Look familiar? The workspace is exactly the same as if you had been working in the development stream. You just need to update your workspace to get the new changes. So as you can see, in the general case where the files you are working on have not been changed by someone else, working in a feature stream is no different to working in the development stream.
Let’s see what happens if another developer changes a file which you have already changed in the feature stream...
Submit a change in the workspace for the feature stream. Remember that the big advantage with feature streams is that the change is not pushed to the server until you say. So this submit could just be a checkpoint of unfinished work.
Now go to the development workspace and submit a change to the same file. You will see that this submit succeeds. This is correct because changes in the feature stream should have no impact on developers working in the development stream.
If you look at the feature stream in the Repository View you will see that it has Pending Merges.
This is telling you that a change was submitted in the development stream which conflicts with changes in the feature stream. Right-click the pending merge changeset and select ‘Merge Change’. This will launch the Resolve Tool – exactly the same as if you had done an update to latest in the development workspace which caused conflicts.
In other words, the only difference between working in the feature stream and working in the development stream is that you need to merge any changesets with conflicts.
You do not even have to go to the Repository View to view your Pending Merges. Within a workspace you can use the menu ‘Workspace | Show Server Files Tab’ to launch a window showing the Pending Merges.
The final piece of the jigsaw is how the submitted changes in the feature stream are pushed to the development stream. Let’s demonstrate this by submitting another changeset in the feature stream workspace. So we now have 2 changes submitted in the feature stream and we want to merge them back to the development stream as a single changeset.
Go back to the Repository View, right-click the development stream and select ‘Merge Changes’. Select the feature stream as the source stream. You will see that only the changesets submitted in the feature stream are listed. Check all of the changesets and press Finish. Don’t choose for PureCM to automatically merge the changesets, because this will merge each changeset individually.
PureCM will then launch the Resolve Tool showing you all of the changes you have made and allowing you to change the description. When you press ‘Save’ the changeset is merged back into the development stream.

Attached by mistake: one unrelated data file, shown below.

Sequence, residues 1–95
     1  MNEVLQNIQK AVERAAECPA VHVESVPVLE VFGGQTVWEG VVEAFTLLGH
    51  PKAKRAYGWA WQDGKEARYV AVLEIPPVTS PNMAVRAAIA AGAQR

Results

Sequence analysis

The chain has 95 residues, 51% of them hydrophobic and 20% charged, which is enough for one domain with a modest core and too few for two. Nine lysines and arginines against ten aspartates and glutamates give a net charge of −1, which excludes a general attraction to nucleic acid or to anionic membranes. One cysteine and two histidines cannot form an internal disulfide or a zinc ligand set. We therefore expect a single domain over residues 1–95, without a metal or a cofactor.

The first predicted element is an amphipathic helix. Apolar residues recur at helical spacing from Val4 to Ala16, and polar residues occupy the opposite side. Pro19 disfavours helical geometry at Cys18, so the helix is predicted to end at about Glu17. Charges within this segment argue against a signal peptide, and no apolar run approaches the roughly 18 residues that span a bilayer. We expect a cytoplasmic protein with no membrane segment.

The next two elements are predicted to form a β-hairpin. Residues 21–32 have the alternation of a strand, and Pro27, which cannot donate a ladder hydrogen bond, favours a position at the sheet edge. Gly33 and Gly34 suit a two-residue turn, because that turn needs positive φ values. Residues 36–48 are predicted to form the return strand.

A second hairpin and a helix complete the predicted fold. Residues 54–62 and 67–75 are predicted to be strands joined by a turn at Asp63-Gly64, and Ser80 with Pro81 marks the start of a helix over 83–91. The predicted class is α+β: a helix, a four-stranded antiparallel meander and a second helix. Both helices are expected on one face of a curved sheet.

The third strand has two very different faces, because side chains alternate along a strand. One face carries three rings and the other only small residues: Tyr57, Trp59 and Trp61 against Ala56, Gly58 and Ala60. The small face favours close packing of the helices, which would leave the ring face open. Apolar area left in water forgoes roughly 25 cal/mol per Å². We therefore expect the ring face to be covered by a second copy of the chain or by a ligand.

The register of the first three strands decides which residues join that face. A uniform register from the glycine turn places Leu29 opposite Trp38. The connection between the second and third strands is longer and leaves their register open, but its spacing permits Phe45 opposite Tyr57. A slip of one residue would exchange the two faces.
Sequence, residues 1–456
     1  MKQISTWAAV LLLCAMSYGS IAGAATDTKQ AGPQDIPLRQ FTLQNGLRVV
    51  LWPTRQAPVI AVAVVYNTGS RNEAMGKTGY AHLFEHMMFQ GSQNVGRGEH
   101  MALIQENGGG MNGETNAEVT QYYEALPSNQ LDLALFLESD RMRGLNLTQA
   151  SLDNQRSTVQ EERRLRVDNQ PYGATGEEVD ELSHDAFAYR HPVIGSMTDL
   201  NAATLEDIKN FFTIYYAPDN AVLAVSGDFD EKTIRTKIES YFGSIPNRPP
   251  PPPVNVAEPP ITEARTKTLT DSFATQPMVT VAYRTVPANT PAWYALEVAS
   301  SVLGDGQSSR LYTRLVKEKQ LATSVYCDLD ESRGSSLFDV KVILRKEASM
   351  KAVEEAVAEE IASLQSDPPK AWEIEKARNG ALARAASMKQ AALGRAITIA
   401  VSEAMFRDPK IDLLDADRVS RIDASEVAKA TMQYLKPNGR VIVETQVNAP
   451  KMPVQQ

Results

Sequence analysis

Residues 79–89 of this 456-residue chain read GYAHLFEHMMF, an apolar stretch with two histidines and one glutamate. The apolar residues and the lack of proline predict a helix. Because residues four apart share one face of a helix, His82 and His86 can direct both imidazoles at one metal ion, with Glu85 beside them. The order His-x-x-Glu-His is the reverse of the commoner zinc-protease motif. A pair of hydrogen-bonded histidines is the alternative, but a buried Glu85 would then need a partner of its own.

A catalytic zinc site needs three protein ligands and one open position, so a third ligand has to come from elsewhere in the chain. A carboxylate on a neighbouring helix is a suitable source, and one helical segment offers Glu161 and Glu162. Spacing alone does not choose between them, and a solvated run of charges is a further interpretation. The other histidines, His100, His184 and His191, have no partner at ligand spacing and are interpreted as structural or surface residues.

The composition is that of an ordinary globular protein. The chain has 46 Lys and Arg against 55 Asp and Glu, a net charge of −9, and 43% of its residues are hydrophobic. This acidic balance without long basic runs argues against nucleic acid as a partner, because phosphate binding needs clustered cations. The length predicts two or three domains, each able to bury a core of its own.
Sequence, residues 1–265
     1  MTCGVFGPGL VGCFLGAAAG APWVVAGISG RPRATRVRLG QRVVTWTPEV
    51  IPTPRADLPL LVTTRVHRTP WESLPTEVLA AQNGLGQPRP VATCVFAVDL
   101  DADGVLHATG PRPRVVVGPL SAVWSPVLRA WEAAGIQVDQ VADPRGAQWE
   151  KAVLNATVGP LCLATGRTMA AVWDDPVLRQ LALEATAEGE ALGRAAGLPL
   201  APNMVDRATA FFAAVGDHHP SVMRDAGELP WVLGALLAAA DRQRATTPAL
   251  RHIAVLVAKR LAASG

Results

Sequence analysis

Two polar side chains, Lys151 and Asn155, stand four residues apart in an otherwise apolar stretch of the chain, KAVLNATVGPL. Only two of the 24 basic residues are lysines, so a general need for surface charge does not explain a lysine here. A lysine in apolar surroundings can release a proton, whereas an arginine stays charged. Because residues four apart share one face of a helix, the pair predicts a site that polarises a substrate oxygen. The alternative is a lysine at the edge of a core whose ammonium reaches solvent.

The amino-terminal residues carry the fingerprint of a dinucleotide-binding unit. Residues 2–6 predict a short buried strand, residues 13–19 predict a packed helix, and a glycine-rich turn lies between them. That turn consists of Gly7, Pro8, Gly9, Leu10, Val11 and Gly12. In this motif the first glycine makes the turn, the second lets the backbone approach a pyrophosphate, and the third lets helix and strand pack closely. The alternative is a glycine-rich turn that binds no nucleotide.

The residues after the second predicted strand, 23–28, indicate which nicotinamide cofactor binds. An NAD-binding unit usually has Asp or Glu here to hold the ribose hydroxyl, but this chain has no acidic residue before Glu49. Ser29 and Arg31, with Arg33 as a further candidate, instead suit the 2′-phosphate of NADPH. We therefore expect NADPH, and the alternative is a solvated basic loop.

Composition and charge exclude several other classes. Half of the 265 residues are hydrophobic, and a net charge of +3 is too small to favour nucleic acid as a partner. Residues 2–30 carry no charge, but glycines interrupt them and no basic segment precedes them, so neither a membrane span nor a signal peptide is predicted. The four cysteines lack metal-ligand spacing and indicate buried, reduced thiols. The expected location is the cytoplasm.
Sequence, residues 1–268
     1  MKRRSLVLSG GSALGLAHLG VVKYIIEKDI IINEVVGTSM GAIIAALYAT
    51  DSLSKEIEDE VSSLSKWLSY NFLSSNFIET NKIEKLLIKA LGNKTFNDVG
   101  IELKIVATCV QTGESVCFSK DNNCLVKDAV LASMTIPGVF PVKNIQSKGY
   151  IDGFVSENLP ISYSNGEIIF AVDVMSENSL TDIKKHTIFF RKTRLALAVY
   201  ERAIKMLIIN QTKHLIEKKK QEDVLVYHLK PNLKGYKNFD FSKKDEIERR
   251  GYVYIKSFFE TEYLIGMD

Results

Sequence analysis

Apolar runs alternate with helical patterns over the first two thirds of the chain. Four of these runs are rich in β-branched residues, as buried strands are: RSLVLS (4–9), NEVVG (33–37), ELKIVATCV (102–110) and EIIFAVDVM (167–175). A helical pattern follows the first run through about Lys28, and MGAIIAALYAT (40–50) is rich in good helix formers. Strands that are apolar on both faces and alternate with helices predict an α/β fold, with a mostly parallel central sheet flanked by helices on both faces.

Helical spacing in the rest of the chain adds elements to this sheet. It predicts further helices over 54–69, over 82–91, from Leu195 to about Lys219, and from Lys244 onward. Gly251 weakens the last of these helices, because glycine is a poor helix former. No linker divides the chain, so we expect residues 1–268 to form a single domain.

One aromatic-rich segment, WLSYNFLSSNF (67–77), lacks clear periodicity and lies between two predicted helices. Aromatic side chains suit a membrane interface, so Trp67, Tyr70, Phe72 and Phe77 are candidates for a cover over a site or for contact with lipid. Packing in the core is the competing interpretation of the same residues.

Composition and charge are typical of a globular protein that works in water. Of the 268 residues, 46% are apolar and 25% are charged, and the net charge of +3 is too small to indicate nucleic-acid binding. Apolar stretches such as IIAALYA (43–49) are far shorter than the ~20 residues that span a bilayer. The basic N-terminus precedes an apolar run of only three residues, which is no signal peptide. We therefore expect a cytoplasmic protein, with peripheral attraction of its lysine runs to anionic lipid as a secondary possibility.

So as you can see. The process of pushing the feature stream changes back to the development stream is similar to the process of submitting a changeset. The only difference is that you have the slight overhead of using the Merge Wizard.
Remember that there cannot be conflicts when merging your changes back into the development stream, because you have already merged all the development stream changes into your feature stream. The merge will always be trivial.
Are Feature Streams Worth It?
As a developer, if you value the ability to checkpoint your code often so you can revert back to it, then yes I think the small overhead with feature streams will be well worth while.
If not then you might decide that you are happy working without them and only submitting every week or so. But if the day comes when you end up loosing a week’s work because your laptop breaks or your release is late because a developers had to take emergency leave then you might wish that you had been using feature streams.
PureCM handles features streams well, but there is plenty of room for improvement. Thankfully most (if not all) of these new features will make it into the 2010/1 release (April 2010).
· Simplify pushing the changes back into the development stream. There should be a toolbar button on the workspace which merges all the changes back into the development stream.
· Automatically resolve pending merges when updating the feature stream workspace. This functionality would then be identical to when working on the development stream.
· Distinguish between feature streams and other streams. For example, when displaying the submitted changesets the release streams are very relevant while the feature streams are not.